RE:Infra-structuring NSF Merit Review
The use of societal impacts considerations in grant proposal peer review: A comparison of five models
The Philosopher à la Jean-François Lyotard – Is what he suggests against the rules?
The Philosophy of the Science of Team Science: Disciplines, Peers, and SciTSeers
Knowledge kills action – why principles should play a limited role in policy-making: Journal of Responsible Innovation
56 indicators of impact
Knowing and acting: The precautionary and proactionary principles in relation to policy making
Holbrook, J. Britt. Re-assessing the science - society relation:: Holbrook, J. Britt. Re-assessing the science - society relation: The case of the US National Science Foundation's broader impacts merit review criterion (1997 - 2011)
In 2005, I published the first scholarly article on the US National Science Foundation’s Broader Impacts Merit Review Criterion. In the intervening years, much has happened, both in terms of scholarship on the Broader Impacts Criterion and in terms of the Broader Impacts Criterion itself. Here, I revisit that original article, answering some questions, filling in some blanks, expanding some bits, contracting others, updating and generally rethinking the whole thing. The National Science Board has also rethought the Broader Impacts Criterion, and 2011 marks the gestation, if not the birth, of a much different criterion, a sort of Broader Impacts 2.0. Now, then, seems like the perfect time to think once again about NSF’s Broader Impacts Criterion and about the dialectic between the values of autonomy and accountability in the science – society relation.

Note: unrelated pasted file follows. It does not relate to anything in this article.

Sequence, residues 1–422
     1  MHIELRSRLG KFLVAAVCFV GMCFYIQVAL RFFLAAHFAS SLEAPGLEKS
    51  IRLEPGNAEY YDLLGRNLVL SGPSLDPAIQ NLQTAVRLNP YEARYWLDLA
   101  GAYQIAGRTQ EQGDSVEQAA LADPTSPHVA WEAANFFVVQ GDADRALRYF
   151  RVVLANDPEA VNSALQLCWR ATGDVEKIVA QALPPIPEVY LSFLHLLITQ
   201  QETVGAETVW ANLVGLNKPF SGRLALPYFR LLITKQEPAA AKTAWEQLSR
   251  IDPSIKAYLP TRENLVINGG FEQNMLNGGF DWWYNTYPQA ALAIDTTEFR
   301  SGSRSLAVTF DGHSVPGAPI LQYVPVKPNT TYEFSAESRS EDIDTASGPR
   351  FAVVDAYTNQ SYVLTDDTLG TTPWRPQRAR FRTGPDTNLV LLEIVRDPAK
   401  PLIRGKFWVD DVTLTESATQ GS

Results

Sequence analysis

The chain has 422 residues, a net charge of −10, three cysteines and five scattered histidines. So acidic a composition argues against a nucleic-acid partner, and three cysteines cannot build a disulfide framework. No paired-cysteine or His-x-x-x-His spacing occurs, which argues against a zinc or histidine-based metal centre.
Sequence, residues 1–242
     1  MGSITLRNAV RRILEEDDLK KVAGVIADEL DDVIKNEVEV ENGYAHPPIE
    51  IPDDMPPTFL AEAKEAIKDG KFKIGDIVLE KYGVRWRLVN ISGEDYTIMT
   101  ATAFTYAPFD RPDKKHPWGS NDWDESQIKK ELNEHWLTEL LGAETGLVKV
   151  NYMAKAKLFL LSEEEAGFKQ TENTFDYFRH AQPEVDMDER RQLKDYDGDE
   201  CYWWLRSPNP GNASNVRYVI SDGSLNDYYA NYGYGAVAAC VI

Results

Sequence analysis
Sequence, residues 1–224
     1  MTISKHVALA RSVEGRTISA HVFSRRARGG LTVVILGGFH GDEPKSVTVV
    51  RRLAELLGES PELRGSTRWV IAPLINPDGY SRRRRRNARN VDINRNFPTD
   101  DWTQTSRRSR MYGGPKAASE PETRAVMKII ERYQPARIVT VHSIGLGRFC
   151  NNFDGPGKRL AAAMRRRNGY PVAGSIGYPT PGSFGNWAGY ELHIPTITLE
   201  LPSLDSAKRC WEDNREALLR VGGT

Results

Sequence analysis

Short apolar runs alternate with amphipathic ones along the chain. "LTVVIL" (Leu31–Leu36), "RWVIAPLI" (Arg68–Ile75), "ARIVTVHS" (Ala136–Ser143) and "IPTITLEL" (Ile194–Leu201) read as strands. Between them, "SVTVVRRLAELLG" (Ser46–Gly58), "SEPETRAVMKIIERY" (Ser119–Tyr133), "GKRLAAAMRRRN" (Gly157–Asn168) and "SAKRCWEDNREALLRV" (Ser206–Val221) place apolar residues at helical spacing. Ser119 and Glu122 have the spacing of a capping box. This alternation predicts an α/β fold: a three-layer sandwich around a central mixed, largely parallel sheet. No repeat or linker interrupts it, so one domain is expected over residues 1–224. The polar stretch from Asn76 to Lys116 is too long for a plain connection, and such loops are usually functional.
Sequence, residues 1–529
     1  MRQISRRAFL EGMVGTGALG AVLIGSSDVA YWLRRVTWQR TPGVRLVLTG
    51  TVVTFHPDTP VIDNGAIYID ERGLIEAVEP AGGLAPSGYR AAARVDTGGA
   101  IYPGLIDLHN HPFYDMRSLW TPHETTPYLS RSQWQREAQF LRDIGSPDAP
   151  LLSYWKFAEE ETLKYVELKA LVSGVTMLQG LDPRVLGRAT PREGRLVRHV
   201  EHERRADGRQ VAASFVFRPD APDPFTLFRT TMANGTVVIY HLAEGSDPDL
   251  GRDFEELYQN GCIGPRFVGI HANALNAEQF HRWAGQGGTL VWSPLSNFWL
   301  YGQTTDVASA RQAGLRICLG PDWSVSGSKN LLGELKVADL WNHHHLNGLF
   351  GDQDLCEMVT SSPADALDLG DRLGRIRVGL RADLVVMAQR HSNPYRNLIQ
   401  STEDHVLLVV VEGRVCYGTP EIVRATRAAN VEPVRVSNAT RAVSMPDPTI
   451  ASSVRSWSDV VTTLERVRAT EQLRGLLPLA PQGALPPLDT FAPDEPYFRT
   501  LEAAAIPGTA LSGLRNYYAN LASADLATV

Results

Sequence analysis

Open Access and Its Enemies
Assessing the science-society relation: The case of the US National Science Foundation's second merit review criterion
THE USE OF SOCIETAL IMPACTS CONSIDERATIONS IN GRANT PROPOSAL PEER REVIEW: A COMPARISON OF FIVE MODELS
Broader Impacts 2.0: Seeing—and Seizing—the Opportunity
Science's social effects
Putting darwin in his place: The need to watch our language
Peer review and the ex ante assessment of societal impacts
Funding agencies and research councils around the world rely on peer review to assess the potential
impacts of proposed research. This article compares the procedures of two major public science
agencies — the US National Science Foundation and the European Commission’s 7th Framework
Programme — for evaluating ex ante the potential societal impact of research proposals. In this paper
we survey the state of the art and discuss some of the conceptual questions that arise in using ex ante
peer review to assess the societal impact of scientific research.
Research impact: We need negative metrics too
Argues that we should broaden our thinking about impact.
Evaluating research beyond scientific impact: How to include criteria for productive interactions and impact on practice and society
NSF's struggle to articulate relevance
Lyotard and Greek Thought: Sophistry (review)
Philosophy in the Age of Neoliberalism
What is interdisciplinary communication? Reflections on the very idea of disciplinary integration
Designing Research Evaluation: a View from the Perspective of a Large, Multidisciplinary University in the United States of America: RIV Rassegna Italiana di Valutazione